Barbara Jardin is ready for her first overseas meet since being diagnosed with Type 1 diabetes.
The 23-year-old is part of the 20-swimmer Canadian team competing at the 2015 Summer Universiade in Gwangju, South Korea, beginning Friday. Getting to the point where the Montealer, accompanied by Intensive Training Program coach Tom Rushton, can travel across 11 time zones to compete is a major step for someone who believed she might have to retire.
While not as high-profile as the Pan Am Games or FINA World Championships, Jardin hopes the Universiade is a step back towards the Olympics. Jardin was 10th in women’s 200-metre freestyle three summers ago in London and her ambition is to return to the Olympics and be a beacon for aspiring athletes who have diabetes.
Jardin has started a personal Pumped For Rio campaign (https://makeachamp.com/barbarajardin/21956) in order to cover the costs of her insulin pump and medications, along with training and competing at World Cup. Her aim is to raise $8,000 by the end of next week; at this writing, she’s more than halfway there but still looking for support.
“I started off this year saying that I was going to stop swimming – ‘I can’t do this, I’m tired all the time, I can’t have something else wrong with me,’ ” says Jardin, who was also on the Olympic 4×200-m relay team that finished fourth.
“I kept thinking about it, especially about one thing that my aunt, Anne Jardin, who won two bronze medals at the 1976 Olympics, told me. She was on the team to go to the 1980 Olympics [in Moscow] when Canada boycotted [because of the Soviet invasion of Afghanistan]. She told me she regretted not going for another four years.
“That’s what was in the back of my mind: ‘I have to do this for me and I have to do this for other people who believe in me.’ I want to inspire people. I don’t want them to look at me and say ‘she kind of gave up.
” I want to keep going and inspire people who have had a little bump in the road, and believe in the impossible.”
— Barbara Jardin
Five-time Olympic gold medallist Gary Hall Jr. is one example of a top swimmer who learned to manage the rigours of swimming while having Type 1 diabetes.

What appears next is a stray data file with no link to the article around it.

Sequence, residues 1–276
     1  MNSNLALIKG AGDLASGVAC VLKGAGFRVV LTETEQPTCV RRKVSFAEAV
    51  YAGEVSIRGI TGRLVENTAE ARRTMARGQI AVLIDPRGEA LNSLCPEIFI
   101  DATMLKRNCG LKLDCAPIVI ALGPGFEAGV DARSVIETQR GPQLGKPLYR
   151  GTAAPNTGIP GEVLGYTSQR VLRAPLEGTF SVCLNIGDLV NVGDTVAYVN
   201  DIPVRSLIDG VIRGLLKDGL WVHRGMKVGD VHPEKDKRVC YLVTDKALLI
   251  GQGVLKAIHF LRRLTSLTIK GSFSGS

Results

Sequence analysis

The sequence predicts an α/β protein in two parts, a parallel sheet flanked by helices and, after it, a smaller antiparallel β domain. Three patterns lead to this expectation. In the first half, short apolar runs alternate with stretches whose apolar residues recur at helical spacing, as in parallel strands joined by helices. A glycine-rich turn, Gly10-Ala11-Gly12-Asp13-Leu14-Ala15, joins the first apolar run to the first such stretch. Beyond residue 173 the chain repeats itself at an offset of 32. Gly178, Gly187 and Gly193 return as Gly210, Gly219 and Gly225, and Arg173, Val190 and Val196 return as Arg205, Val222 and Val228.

Jardin says she was initially in denial that she needed to see if she had diabetes. Common warning signs – constant thirst, dehydration, oversleeping – started appearing in early 2014. Jardin believed that was a result of balancing her training with her studies at the University of Montreal. At the 2014 Canadian Interuniversity Sport championships, but had “trouble finishing my races – but I had a big load, four individual and three relays, so I figured fatigue was normal.”
Jardin notes that delayed reaction might be particular to young athletes, which is why she’s sharing her story.
“I kept giving myself excuses – there’s this, there’s that,” she says. “I should have gone to the hospital sooner.
“We’re athletes. We’re always, ‘we’re OK, we’re OK,’ but it’s better to get checked just in case.”
Jardin received an insulin pump last month and says she sat out just two workouts due to low blood sugar or glucose levels. She keeps a constant vigilance on her condition while working with nutritionist Alexia de Macar and her sport doctor, Dr. Suzanne Leclerc.
“Being diagnosed with this and realizing how expensive it is, I just want to make sure I’m not worrying about the money,” she says. “It’s the medications, and the needles that add up to about $350 per month. I’ll be swimming full-time, so I’ll have to pay my own insurance, about $450 a month. Plus Tom and I want to go to some World Cup competitions in the fall and do a training camp in Thailand.”
Jardin and Rushton have their sights set on next spring’s Canadian Olympic Trials, which will determine who represents this country in Rio de Janeiro at the 2016 Summer Games. At this point, they are working on establishing a routine in a sport with such a heavy volume of training.
“The margin of error for her is a lot slimmer,” Rushton says. “If her blood sugar and glucose levels get too low, or something goes wrong, we don’t have the same elasticity that we do with other swimmers.
“At least now she knows,” Rushton adds. “It’s not a blessing, but at least we have the knowledge.”
Jardin competed at the CIS championships in March, where she remembers needing U of M teammate Katerine Savard to help her out of the pool after the 400-m freestyle. She competed at the Team Canada Trials in Toronto in April to earn her spot on the Universiade squad.
“I have almost have to treat her like a new athlete,” Rushton says. “She has to re-learn how to go to a meet.
“It’s funny, because Barbara is such a great athlete,” Rushton adds. “She’s done everything you can do in the sport. She’s been to the world championships, she’s been in an Olympic final in a relay. Yet I’m more protective of her than I am of my other athletes. I’m almost like a protective parent with her.
“That’s the big thing with the world university games, that we’ll go on that trip together and we’ll do some information collecting about how she responds.”
Whether she gets on the blocks in Rio, Jardin’s journey has given her a glimpse of a potential post-swimming career. She was focusing on the sciences when enrolled at the U of Montreal, thinking she might pursue marine biology. Now she is thinking of nursing.
“It really opened my eyes,” she says. “When I was diagnosed I hung out with a lot of nurses for a good three weeks. They were talking to me and I realized that’s what I want to do – help people with diabetes, especially athletes. If I can tell them about my story and experience, maybe it can help.”
The 2015 Summer Universiade runs through July 14.